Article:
Quiz people on the improvements that found their way onto all four new iPhone 15 models, and you'd have to wait a long time until anyone mentioned the new Ultra Wideband chip. And while it may not have the hype of Apple's switch to USB-C over Lightning or the immediate visual impact of more contoured sides, the presence of an updated UWB chip on the latest iPhones shouldn't be overlooked.
That's because the second-generation Ultra Wideband chip Apple includes on every new model from the entry-level iPhone 15 to the super-premium iPhone 15 Pro Max figures to make it easier to track down people and things — at least if those people and things are also using a new Ultra Wideband chipset.
As a reminder, Ultra Wideband has been a part of Apple's iPhone setup since the chip was included on board the iPhone 11 in 2019. That chip, known as the U1, works with Apple's AirTag key finder to determine the distance and direction to lost items. It also leverages AirDrop to simplify file transfers.
The second generation Ulta Wideband chip is called, appropriately enough, U2. Yes, like the rock band. And if you're old enough to remember the 2014 controversy when Apple uploaded the band's latest album to people's phones without first asking permission, at least this new U2 is going to be something you'll be glad to find on your iPhone.
What the iPhone 15 U2 chip can do for you
The U2 chip figures to bring better precision to the location tracking found in your iPhone's Find My app, particularly for the Find My Friends feature. Apple says the new chip enables something called Precision Finding, which is supposed to help you more easily track down friends you already have included in the Find My app when you're in a crowded space.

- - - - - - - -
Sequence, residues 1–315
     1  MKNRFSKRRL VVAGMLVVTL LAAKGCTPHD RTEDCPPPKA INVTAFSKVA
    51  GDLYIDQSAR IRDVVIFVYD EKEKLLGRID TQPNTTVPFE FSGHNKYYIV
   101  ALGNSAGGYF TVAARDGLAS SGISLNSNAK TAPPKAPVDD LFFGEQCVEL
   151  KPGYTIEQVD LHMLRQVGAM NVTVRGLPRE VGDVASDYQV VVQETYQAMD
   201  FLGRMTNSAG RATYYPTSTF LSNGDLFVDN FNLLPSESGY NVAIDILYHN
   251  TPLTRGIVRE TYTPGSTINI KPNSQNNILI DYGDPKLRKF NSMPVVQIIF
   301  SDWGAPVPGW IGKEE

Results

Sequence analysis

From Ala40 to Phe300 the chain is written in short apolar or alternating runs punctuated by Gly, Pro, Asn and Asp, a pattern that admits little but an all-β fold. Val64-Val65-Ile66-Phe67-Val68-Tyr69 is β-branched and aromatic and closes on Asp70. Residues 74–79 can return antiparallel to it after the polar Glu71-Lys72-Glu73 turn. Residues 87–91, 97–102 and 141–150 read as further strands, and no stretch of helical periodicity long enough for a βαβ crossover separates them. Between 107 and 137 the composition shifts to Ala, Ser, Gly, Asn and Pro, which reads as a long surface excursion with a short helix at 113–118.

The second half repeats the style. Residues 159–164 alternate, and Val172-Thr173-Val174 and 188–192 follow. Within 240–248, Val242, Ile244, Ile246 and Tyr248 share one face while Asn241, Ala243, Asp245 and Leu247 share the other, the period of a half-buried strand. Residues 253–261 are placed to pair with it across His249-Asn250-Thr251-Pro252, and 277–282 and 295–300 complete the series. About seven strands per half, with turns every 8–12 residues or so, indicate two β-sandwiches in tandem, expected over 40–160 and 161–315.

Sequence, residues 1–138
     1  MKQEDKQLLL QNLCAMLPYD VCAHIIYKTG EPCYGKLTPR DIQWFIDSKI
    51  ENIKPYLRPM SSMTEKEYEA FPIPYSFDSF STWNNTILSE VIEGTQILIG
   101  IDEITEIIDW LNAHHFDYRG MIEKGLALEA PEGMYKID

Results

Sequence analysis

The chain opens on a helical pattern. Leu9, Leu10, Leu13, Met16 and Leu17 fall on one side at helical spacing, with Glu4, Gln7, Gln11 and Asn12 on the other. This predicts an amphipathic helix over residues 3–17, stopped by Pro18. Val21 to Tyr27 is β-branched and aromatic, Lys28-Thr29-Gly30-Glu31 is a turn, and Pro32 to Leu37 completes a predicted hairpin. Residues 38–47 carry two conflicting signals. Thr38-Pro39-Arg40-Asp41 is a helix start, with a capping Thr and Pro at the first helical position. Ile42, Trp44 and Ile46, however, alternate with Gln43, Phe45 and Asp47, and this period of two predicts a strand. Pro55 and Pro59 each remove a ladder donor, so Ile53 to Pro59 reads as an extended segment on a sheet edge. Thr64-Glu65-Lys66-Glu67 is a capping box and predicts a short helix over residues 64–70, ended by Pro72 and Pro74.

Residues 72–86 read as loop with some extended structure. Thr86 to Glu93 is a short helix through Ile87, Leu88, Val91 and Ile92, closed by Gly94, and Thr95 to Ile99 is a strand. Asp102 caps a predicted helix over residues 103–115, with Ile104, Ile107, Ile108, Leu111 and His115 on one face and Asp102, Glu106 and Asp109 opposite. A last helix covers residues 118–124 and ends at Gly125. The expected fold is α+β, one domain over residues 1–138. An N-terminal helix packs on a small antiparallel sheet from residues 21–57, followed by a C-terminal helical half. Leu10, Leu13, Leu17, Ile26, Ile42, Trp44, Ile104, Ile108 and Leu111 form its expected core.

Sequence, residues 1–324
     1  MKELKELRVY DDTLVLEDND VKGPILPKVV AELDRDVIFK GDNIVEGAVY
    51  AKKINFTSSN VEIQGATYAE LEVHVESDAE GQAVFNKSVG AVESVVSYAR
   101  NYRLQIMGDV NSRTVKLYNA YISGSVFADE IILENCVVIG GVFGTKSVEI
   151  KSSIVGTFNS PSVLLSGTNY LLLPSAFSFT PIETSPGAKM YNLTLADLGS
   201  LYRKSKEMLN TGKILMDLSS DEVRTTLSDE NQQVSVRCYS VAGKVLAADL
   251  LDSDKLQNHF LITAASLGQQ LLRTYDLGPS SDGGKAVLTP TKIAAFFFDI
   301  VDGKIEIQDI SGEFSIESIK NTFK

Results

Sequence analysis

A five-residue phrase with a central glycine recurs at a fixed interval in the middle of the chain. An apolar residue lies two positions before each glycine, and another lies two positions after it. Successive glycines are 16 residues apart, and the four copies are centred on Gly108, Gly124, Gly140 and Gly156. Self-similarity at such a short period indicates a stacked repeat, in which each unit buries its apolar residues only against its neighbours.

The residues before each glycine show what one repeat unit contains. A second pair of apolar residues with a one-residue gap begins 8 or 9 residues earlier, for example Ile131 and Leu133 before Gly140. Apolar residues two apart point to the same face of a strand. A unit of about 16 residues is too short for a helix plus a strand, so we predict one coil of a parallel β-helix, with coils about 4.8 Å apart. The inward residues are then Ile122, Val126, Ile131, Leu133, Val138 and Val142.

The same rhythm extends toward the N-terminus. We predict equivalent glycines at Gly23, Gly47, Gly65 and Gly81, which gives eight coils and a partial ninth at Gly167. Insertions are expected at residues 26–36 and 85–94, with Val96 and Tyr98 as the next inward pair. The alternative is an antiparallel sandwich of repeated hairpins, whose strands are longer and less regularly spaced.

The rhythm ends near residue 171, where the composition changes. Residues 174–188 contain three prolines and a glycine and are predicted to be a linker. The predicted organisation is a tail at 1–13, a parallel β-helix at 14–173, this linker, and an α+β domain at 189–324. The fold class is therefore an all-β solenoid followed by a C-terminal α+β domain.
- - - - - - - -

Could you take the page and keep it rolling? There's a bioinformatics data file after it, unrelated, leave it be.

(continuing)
I haven't had the chance to use the U2-enhanced Find My, but based on Apple's on-stage iPhone 15 demos, you'll be able to tap on a location that a friend shares with you. Arrows on your iPhone's screen will show you what direction to head in, and the distance will also appear, counting down as you get closer to the right spot.
There's a catch, of course. Both you and your friend will have to be using iPhones with U2 chips for Precision Finding to work. So any friends carrying around an iPhone 14 or earlier — or heaven forbid an Android device — could remain lost in the crowd.
Still, the value of Precision Finding should be apparent, especially if the feature works as advertised. I've gone to public spaces with my family — amusement parks, aquariums, downtown areas — and despite our best efforts, we get separated when someone lags behind or wanders off. Instead of frantic texts back and forth, the Precision Finding feature on a U2-equipped iPhone should let us find each other with a minimum of fuss.
U2 beyond the iPhone
The utility of the U2 chip should become even greater as it finds its way into future iPhones. But it's working its way into other Apple devices, too. The Apple Watch Series 9 and Apple Watch Ultra 2 introduced at the same time as the iPhone 15 family both included a second-gen Ultra Wideband chip as part of their new S9 processors.
That brings precision finding to the Apple Watch as well, and it's particularly relevant to the iPhone. My wife's favorite Apple Watch feature is the ability to press a button on her smartwatch and make her iPhone ping from across the room — that's how she remembers where she last left her device.
Apple Watch 9 owners will be able to take it one step further, with the U2 chip on their watches giving them the same on-screen directions that the iPhone 15 now has for finding people. Again, this feature requires an iPhone 15 to work, but presumably it will extend to more devices as the U2 chip becomes more widely used.
The HomePod, also equipped with UWB, gets in on the action, too. Wear an Apple Watch 9 within about a dozen feet of a HomePod playing audio, and Now Playing launches on your watch to let you control playback.
Where Ultra Wideband goes from here
The fact that the U2 chip is bringing new and enhanced capabilities to multiple devices suggests this isn't a flash in the pan for Apple, even if we waited four years in between UWB upgrades. While I claim no special insight, I wouldn't be surprised to see an AirTag update at some point in the next year that delivers some U2-related improvement of its own.
No one's going to argue that a new Ultra Wideband chip is the most significant addition to the iPhone 15 — not when the standard phone gets a much-improved camera and the Dynamic Island feature, while the iPhone 15 Pro sports an all-powerful A17 Pro chipset. But the arrival of the U2 chipset does show that Apple is trying to improve its phones at the margins — not just with the attention-grabbing changes. And sometimes, those additions can extend beyond the iPhone into other Apple products.